Review: “Tickled” offbeat, quirky and engrossing; “Wiener-Dog” tiringly esoteric

Tickled director David Farrier had a surprise for the lawyers who flew in to sue him.
Tickled director David Farrier had a surprise for the lawyers who flew in to sue him.

When I worked for a newspaper, a fluffy, smiley-faced, disposable kind of story designed to fill space was referred to as “a bright.” That’s what New Zealand TV journalist David Farrier was looking for when he ran across something called Competitive Endurance Tickling: a slew of online videos of young guys being shackled to beds and tickled by other guys. All of them were dressed. No sex was involved. But the whole thing felt, yeah, just a little porn-y.

When Farrier tried to get a handle on this otherwise unheard-of fetish/phenomenon, he never expected to tumble down the particular rabbit hole he did. That’s the premise of Tickled, which, like Catfish before it, reminds us that the online world is a very strange one indeed. And that you shouldn’t believe what people tell you in the anonymous thickets of the internet, starting with who and what they claim to be.

In pursuit of a quick, funny TV spot, Farrier reached out for more information on Competitive Endurance Tickling to Jane O’Brien Media, the designated U.S.-based sponsor of the phenomenon.

The reaction he got was the surprising, rude pushback that inadvertently launched this movie. “Association with a homosexual journalist is not something we would embrace,” the so-called Jane shot back in an email, showing that she’d done a little homework (Farrier is openly gay). “Jane” insisted that CET is an exclusively heterosexual institution.

“It was a strange response,” Farrier rightly says, since this alleged, man-on-man sport seems, well, more than a little gay . . .

Further emails arrive from O’Brien Media. A typical one calls Farrier “faggot.” These are followed by cease-and-desist orders. Then a trio of O’Brien reps fly from the States to New Zealand to threaten the journalist with lawsuits and more intimidation. When Farrier greets them with a colorful “Welcome” sign at Auckland International Airport, it’s a lovely, awkward sequence; these bullies aren’t thrilled at being ambushed on-camera.

To say much more about Tickled would be to rob it of its surprises, peculiarity and, ultimately, its sadness. Let’s just say that Farrier’s investigation leads from someone called Jane O’Brien to another person whose online name is Terri Tickle, aka Terri DiSisto, who trails a legal history of intimidation, identity theft and fraud. “Terri Tickle/DiSisto” is not where the story ends, though, not by a long shot.

Engrossing and weird, Tickled is an object lesson for people who want to stymie and threaten journalists from the obscurity of the internet. You really don’t want to make the mistake of trying to piss off a good reporter. He or she can call your bluff.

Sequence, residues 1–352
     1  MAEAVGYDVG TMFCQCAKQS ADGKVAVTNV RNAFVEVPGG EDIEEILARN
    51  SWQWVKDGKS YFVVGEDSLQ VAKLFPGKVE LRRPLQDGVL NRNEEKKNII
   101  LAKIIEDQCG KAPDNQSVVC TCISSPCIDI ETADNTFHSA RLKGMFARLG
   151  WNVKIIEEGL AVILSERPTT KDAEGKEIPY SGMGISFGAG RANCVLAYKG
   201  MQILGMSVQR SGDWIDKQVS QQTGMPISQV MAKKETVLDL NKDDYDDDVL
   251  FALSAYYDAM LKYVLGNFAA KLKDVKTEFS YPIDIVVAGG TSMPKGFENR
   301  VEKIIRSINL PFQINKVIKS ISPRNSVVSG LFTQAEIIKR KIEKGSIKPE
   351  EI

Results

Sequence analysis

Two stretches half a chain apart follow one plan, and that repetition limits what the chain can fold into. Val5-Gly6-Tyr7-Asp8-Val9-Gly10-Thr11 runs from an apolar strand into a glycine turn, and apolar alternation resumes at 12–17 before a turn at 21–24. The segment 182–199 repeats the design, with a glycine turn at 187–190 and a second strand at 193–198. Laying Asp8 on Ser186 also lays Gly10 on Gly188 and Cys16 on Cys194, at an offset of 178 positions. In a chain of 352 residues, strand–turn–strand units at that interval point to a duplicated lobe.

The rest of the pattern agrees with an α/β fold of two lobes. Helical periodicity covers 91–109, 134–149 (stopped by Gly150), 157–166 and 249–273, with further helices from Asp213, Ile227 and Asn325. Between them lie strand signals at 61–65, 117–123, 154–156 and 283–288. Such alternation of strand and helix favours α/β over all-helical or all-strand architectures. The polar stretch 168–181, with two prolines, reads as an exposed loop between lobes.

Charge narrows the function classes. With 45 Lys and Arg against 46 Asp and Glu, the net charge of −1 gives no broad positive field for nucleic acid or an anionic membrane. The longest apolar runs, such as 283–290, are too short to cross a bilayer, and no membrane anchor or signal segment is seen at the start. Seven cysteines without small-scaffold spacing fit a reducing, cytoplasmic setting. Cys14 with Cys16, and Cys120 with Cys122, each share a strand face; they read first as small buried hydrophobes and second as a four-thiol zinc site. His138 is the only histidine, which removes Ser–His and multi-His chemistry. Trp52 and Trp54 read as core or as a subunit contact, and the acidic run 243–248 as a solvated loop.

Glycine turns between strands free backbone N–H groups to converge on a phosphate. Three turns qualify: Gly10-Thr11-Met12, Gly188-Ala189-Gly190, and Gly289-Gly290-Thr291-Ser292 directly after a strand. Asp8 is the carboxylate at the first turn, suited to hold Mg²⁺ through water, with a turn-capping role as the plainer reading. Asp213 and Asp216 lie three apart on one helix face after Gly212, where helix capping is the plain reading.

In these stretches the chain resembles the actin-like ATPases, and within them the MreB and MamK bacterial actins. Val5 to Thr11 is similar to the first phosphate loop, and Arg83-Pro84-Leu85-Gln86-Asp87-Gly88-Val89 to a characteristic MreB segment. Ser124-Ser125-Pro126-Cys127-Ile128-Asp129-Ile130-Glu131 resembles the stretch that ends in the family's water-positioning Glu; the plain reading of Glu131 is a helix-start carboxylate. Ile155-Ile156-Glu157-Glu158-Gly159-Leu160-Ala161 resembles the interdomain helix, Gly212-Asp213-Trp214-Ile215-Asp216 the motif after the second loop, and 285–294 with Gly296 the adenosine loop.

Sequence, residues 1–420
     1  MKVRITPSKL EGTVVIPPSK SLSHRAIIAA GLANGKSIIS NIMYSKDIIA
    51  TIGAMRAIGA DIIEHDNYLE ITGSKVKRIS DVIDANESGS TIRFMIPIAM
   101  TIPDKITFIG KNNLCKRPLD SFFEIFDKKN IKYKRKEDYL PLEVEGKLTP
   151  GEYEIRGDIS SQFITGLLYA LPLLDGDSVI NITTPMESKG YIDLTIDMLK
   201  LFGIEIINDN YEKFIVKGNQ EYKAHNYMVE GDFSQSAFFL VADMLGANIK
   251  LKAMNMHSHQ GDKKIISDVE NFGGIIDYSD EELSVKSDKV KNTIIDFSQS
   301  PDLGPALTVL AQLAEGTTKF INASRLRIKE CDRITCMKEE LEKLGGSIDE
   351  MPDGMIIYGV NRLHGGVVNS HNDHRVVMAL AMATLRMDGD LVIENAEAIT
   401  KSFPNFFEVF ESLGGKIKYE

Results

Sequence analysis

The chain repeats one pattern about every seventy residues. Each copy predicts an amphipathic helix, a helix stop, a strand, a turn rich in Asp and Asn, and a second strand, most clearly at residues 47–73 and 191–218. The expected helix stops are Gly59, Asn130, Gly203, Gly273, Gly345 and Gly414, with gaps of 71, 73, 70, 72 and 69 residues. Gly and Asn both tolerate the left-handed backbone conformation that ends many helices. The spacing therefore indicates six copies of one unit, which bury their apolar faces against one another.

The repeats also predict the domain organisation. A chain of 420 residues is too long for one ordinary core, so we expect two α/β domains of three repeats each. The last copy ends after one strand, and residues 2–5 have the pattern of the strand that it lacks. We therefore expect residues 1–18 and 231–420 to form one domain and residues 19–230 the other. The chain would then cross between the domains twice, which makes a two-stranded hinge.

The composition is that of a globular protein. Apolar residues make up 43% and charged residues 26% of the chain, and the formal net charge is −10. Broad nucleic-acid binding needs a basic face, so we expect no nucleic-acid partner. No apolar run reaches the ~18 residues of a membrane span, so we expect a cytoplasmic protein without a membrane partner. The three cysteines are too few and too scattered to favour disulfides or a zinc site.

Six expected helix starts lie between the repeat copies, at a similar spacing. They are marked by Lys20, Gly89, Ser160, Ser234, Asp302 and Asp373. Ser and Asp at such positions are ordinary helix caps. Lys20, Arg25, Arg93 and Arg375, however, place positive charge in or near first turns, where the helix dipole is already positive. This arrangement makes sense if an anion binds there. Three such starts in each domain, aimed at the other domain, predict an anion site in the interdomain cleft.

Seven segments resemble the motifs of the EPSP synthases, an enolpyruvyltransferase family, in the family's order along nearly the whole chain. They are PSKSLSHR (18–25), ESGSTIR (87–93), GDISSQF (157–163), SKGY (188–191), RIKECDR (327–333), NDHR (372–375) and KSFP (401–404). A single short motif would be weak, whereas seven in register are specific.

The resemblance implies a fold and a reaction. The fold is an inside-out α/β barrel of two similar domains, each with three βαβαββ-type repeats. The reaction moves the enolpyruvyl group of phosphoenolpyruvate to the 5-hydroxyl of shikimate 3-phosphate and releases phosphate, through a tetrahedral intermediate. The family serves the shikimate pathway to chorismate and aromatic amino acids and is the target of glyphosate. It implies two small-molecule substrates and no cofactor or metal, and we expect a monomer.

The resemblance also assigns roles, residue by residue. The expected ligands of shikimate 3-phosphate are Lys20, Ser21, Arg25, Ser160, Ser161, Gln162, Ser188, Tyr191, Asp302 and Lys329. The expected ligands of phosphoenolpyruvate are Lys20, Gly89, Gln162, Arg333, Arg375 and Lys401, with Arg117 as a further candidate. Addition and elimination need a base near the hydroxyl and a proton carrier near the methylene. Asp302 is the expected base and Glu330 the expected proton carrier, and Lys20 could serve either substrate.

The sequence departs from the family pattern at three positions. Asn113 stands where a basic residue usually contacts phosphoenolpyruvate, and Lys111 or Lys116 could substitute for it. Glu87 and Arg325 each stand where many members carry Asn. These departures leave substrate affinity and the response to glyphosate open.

Also opening this week is writer-director Todd Solondz’s latest nihilistic black comedy, Wiener-Dog.

I know how arrogant this may sound, but as a former fan of Solondz’s (especially his misanthropic epic, Happiness), I feel like I’ve grown up and he hasn’t. At the very least, we’ve grown apart. As they say in relationships, “It’s not him, it’s me.”

No, I take that back. It’s definitely him.

Wiener-Dog is a string of sloppy scenes connected (barely) by the presence of the dachshund of the title as it drifts from one indifferent owner to the next. (Shades of Robert Bresson’s great Au Hasard Balthazar are intentional and unfortunate.)

imagesFirst, the dog lands with helicopter parents Julie Delpy and playwright Tracy Letts, who bring her home for their ailing son Remi (Keaton Nigel Cooke). In implausible car conversations with Remi, Delpy initially avoids explaining what it means to spay a dog, but then starts talking about rape and venereal disease, and eventually euthanasia and cremation.

Things only get less believable when the dog’s ownership switches to actress Greta Gerwig, playing a vet’s assistant named Dawn Wiener. That’s a shout-out to the geeky character of the same name played by Heather Matarazzo as a kid in the movie that made us think Solondz had a bright future, 1995’s Welcome to the Dollhouse. That was a long time ago.

Dawn travels with her childhood crush Brandon (now a heroin user played by Kieran Culkin) and deposits the dog with Brandon’s Down syndrome brother and his girlfriend, and . . . well, it just keeps going. Next comes Danny DeVito as a failed screenwriter and professor on the West Coast. The sequence allows for some now-familiar jokes about millennial entitlement in academia but not much else. Then comes Ellen Burstyn as a cranky old woman who names the dog Cancer and cares for it as little as she cares for any other mammal in her life.

It’s a little tiring just writing about this movie. Writer-director Solondz seems to think that a tracking shot of dog diarrhea or a view of fresh roadkill repeatedly run over is poetically upsetting. Maybe he hasn’t noticed how much more shocking the world around us has become since 1995.

Tickled. A documentary directed by David Farrier and Dylan Reeve. Rated R for language. 92 minutes. At Landmark Midtown Art Cinema.

Wiener-Dog. With Greta Gerwig, Julie Delpy, Tracy Letts, Kieran Culkin, Danny DeVito, Ellen Burstyn. Written and directed by Todd Solondz.  Rated R for language and some disturbing content. 90 minutes. At the Plaza Theatre.

 

Related posts

85431